The American mainstream corporate media has turned into a literal madhouse in the period of the last two years.
Any doubt whether or not mainstream outlets are actually propaganda outlets should have been erased around the time of the 2016 elections. Now, however, it appears that outlets are trying to see just how ridiculous their propaganda can be before the majority of people abandon them altogether.
Taking the recent Russian hysteria as an example, mainstream outlets have blamed Russia for almost everything from the election of Donald Trump, “fake news,” “conspiracy theories”(which are actually mislabeled as conspiracy theories), protest movements and questions surrounding the flu vaccine
You would think the mainstream media would have discredited itself beyond repair at this point. At least you would think so after the most recent hilarious attempt to blame “Russian wins” for cold weather in the UK.
But in terms of ridiculous ideas and nonsensical claims, mainstream media has a competitor – the Western University. Unfortunately for the American people, however, these two institutions do not actually compete, instead they work together, hand in glove.
An example of this can be seen in the new Russian plot unearthed by professors at Iowa State University and reported by The Des Moines Register, blaming Russia for anti-GMO media pieces. The research claims that Russia is funding various media pieces that “question the safety of GMOs in an effort to hurt U.S. agriculture interests and bolster its position as the ‘ecologically clean alternative’ to genetically modified food.”
ISU Assistant Sociology Professor, Shawn Dorius, stated that a successful Russian plot to turn the U.S. against GMOs “would have a clear negative effect on an industry in the U.S. and could advantage Russia.”
Of course, it could also vastly improve the lives of farmers and American agriculture in the United States and advantage the entire world, but never mind that, according to the researchers. Because if you’re questioning GMOs, you’re falling prey to an insidious Russian plot to destroy our way of life.
GM Watch, with a heavy dose of sarcasm, responds to the propaganda piece by stating,
We owe a debt of gratitude to Dorius and his co-author, Carolyn Lawrence-Dill, an associate professor in ISU’s department of genetics, development and cell biology, for showing that much of the negative press about GM foods emanates from Russia, which is, as the Des Moines Register darkly reminds us, a “former communist country”.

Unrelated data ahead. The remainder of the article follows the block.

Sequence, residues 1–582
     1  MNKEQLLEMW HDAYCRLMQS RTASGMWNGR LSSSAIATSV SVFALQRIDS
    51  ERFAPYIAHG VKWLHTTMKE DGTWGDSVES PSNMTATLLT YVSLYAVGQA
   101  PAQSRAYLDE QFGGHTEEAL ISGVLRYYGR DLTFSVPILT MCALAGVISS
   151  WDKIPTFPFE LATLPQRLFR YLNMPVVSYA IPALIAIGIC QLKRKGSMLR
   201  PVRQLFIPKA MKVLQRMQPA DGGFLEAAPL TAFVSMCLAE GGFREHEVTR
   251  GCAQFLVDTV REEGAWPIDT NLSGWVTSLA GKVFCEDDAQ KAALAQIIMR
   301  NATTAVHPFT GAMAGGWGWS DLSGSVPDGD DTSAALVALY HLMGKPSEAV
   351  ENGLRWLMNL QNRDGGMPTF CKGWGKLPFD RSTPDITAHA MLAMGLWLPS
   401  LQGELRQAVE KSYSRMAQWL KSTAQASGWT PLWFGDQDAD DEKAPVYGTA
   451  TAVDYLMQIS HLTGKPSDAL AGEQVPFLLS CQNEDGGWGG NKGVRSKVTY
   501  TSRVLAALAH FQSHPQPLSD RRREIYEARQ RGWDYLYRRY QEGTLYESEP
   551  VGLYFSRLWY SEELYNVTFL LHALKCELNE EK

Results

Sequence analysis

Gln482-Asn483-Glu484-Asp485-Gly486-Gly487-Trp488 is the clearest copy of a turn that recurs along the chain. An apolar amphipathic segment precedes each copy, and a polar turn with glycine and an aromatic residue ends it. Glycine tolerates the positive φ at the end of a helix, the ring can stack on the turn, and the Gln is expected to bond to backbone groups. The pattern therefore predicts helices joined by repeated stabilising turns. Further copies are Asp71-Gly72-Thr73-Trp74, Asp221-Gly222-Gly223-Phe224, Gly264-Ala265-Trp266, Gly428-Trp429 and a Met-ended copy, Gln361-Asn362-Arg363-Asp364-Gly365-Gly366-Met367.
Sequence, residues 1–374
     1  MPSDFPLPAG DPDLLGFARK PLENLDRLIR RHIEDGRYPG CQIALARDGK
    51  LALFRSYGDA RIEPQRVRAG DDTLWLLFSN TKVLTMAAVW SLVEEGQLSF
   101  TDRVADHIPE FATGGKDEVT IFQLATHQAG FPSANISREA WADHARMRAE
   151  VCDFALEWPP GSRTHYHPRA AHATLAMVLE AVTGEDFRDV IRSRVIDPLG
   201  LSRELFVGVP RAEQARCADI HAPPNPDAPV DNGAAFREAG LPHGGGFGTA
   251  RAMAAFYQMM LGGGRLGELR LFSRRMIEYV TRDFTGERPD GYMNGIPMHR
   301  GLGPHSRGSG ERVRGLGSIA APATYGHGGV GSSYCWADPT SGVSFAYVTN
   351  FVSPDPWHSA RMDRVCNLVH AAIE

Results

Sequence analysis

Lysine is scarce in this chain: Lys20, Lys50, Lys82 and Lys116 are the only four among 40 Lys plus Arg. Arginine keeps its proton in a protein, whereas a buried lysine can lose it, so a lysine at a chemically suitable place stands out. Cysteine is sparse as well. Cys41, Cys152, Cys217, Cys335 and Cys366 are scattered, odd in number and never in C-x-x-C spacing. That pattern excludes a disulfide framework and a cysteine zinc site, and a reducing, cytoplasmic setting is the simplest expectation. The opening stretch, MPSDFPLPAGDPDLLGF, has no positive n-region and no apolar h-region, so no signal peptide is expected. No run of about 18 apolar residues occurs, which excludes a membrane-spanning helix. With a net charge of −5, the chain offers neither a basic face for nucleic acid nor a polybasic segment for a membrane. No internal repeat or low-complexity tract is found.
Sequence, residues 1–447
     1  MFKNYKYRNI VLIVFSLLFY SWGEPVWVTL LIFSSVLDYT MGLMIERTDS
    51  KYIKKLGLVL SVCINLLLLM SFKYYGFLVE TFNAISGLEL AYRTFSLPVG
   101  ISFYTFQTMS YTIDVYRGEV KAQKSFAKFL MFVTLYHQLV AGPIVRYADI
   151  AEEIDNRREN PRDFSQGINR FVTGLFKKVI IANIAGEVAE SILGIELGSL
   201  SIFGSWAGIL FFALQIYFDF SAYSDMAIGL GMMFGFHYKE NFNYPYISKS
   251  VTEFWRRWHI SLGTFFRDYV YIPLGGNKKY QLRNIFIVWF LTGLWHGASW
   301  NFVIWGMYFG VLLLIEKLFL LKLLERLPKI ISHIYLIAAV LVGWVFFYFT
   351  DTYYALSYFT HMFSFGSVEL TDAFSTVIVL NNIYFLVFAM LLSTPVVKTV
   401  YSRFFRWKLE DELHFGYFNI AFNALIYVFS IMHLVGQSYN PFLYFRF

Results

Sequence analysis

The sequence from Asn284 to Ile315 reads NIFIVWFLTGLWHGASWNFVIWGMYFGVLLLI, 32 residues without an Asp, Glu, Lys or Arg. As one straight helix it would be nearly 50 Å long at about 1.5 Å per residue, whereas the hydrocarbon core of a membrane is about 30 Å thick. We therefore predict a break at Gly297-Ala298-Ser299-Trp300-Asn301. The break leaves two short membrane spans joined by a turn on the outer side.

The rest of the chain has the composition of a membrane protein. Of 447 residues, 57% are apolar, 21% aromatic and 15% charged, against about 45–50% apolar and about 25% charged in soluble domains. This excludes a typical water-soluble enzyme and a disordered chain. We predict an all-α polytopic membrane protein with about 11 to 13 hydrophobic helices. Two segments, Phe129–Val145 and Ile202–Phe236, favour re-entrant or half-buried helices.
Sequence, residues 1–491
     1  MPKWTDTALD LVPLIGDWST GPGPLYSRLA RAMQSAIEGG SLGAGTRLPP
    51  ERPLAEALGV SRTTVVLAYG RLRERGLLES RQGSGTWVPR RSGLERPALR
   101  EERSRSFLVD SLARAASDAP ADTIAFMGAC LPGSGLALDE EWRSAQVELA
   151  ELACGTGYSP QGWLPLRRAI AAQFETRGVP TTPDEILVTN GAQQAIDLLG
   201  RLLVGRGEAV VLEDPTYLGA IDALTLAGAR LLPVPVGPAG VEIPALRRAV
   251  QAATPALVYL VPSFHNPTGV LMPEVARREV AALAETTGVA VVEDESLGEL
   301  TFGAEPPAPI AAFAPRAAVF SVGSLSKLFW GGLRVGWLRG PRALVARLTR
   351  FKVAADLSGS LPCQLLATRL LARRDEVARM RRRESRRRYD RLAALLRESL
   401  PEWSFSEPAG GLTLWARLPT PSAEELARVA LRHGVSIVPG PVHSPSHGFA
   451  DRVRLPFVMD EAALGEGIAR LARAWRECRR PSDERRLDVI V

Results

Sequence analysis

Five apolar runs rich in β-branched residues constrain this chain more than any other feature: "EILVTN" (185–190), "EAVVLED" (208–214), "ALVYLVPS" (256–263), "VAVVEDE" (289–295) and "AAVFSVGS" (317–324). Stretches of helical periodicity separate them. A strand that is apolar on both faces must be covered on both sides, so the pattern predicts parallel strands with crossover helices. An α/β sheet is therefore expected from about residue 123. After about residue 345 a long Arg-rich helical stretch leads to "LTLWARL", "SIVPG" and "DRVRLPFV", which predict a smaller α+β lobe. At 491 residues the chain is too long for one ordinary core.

Of course, the Russkies might point out that ISU has a history of accepting agribusiness funding and even has representatives of GMO giants Monsanto and Pioneer on its boards.
But it’s a relief to know that the articles dissing GM crops have nothing to do with issues like the agricultural meltdown caused by dicamba herbicide drifting off of fields of GM dicamba-tolerant soybeans and damaging millions of acres of neighbouring crops.
Neither is it anything to do with the collapse of the two main GM traits – herbicide tolerance and Bt insecticidal toxins – in the face of resistant weeds and pests.
Nor, we’re glad to find, are the articles in any way related to the GMO industry’s reckless dumping of its unwanted, poorly tested, and pesticide-soaked products into world food supplies. Add “unlabelled” in the case of the US, where industry has spent millions of dollars fighting labelling that would allow citizens to know which foods are GM.
Neither are they related to the industry and regulatory failure to take seriously the findings of harm in laboratory and farm animals fed GM crops in tests. Or to the attempts by the GMO industry and its allies to smear the reputations of scientists whose work uncovers harms and risks linked to GM foods and their associated pesticides.
Thanks to the ISU profs and the Des Moines Register, we now know that these doubt-promoting articles are nothing more than fabrications motivated by the nefarious self-interest of the US’s old cold war enemy, which has an evil plan to line its own pockets through the sale of “ecologically clean” alternatives to GMOs, while in the process stirring up “division” among the American people.
Sustainable Pulse points out that this new “research” comes around the same time that Russia’s anti-trust regulator is reviewing the Monsanto-Bayer merger. The review is reportedly not going well for the companies. The Federal Anti-monopoly Service is not likely to allow the merger to go ahead in the same way that Bayer and Monsanto have demanded.
As now obscure comedian Yakov Smirnoff might say today, “In America, GMOs are all-pervasive and have overtaken the food supply. In Russia, GMOs are banned and the country predicts total domestic food by 2020.”